New federal lands bill includes major projects for Washington
A newly-signed federal measure clears the way for several new investments around Washington, from smarter firefighting to more protections for public lands.
The John D. Dingell, Jr. Conservation, Management and Recreation Act is the largest bipartisan public lands bill assembled by Congress in more than a decade. It designates more than 1.3 million acres of new wilderness, 367 miles of new Wild and Scenic Rivers and 2,600 miles of new National Trails throughout the United States, including many in Washington.
The bill was co-sponsored by U.S. Sens. Maria Cantwell, D-WA., and Lisa Murkowski, R-AK. Cantwell pushed to include permanent reauthorization for the Land and Water Conservation Fund as part of the wide-ranging legislation, which includes 130 individual bills that support new projects across the country.
Washington projects include:
Another project supported by the bill is the Wapato Irrigation Project near Yakima, which is part of a broader irrigation project in the Yakima Basin. The legislation authorizes $75 million to support the project.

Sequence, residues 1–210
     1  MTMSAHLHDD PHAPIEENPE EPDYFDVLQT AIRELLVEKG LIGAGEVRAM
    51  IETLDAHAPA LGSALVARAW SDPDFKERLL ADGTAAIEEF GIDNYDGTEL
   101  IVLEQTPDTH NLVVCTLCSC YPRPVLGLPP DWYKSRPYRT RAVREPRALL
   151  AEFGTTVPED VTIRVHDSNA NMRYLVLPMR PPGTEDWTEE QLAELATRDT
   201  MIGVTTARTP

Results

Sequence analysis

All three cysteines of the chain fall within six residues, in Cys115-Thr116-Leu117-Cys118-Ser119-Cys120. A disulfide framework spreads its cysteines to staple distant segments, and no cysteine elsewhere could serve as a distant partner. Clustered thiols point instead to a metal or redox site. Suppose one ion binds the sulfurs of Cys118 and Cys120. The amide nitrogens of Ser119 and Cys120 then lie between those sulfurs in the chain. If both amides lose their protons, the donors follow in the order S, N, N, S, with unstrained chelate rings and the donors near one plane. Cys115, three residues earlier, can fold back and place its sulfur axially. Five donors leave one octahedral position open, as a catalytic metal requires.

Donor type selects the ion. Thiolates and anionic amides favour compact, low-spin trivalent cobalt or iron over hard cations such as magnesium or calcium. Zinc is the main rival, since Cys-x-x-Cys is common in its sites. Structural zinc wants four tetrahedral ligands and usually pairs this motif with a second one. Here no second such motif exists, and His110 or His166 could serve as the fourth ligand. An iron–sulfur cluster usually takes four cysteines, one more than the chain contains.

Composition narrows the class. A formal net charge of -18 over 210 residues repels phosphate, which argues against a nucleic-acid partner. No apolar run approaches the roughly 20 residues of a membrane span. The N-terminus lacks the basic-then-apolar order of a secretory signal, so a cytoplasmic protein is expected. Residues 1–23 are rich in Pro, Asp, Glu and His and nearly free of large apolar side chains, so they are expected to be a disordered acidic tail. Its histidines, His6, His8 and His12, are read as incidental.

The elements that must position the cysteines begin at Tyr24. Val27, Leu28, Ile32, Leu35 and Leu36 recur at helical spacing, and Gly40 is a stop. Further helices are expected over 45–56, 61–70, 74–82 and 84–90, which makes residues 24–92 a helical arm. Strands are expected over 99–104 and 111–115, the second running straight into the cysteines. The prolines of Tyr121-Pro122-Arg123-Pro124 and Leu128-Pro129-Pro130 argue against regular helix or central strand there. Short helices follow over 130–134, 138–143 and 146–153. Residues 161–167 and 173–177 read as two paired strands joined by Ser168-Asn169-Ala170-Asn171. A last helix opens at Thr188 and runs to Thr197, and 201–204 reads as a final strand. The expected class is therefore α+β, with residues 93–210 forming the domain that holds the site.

“Irrigators, farmers, fish advocates, tribes and political officials have been working on the estimated $4 billion, 30-year Yakima plan for about a decade,” the Yakima Herald-Republic reported.
U.S. Rep. Dan Newhouse, R-WA, who supported the effort in the House of Representatives, said the future of the region’s agriculture economy depends on access to water storage.
“Not only does the success of this legislative effort show the way forward for bipartisan, bicameral cooperation, but it highlights the years-long work of state and local stakeholders, the agriculture community, irrigators, conservationists, and tribes as part of the Yakima Integrated Plan Workgroup and Implementation Committee,” Newhouse said in a news release. “I was proud to work across the aisle with my colleagues to get this water solution bill for the Yakima Basin across the finish line.”
The bill also protects the Methow Headwaters in the Okanogan-Wenatchee National Forest by removing 340,000 acres in the Methow Valley from consideration from mining operations, Newhouse reports. The measure also supports new technology like drones and better GPS for wildland firefighters, and designates the Nordic Museum in Seattle as the National Nordic Museum, among other projects.
The Land and Water Conservation Fund was established by Congress in 1964 to safeguard natural areas and provide recreation opportunities, the U.S. Department of Interior reports. The main source of funding is fees or taxes from federal oil and gas leases that operate on the Outer Continental Shelf.
“Every state and county in the nation has benefited from the Land and Water Conservation Fund, all without spending a single tax dollar,” according to the Department of Interior.
“Public lands and access to lands are a juggernaut part of our economy,” Cantwell said in a statement.
Contact Amy Anderson, AWB government affairs director for federal issues, to learn more.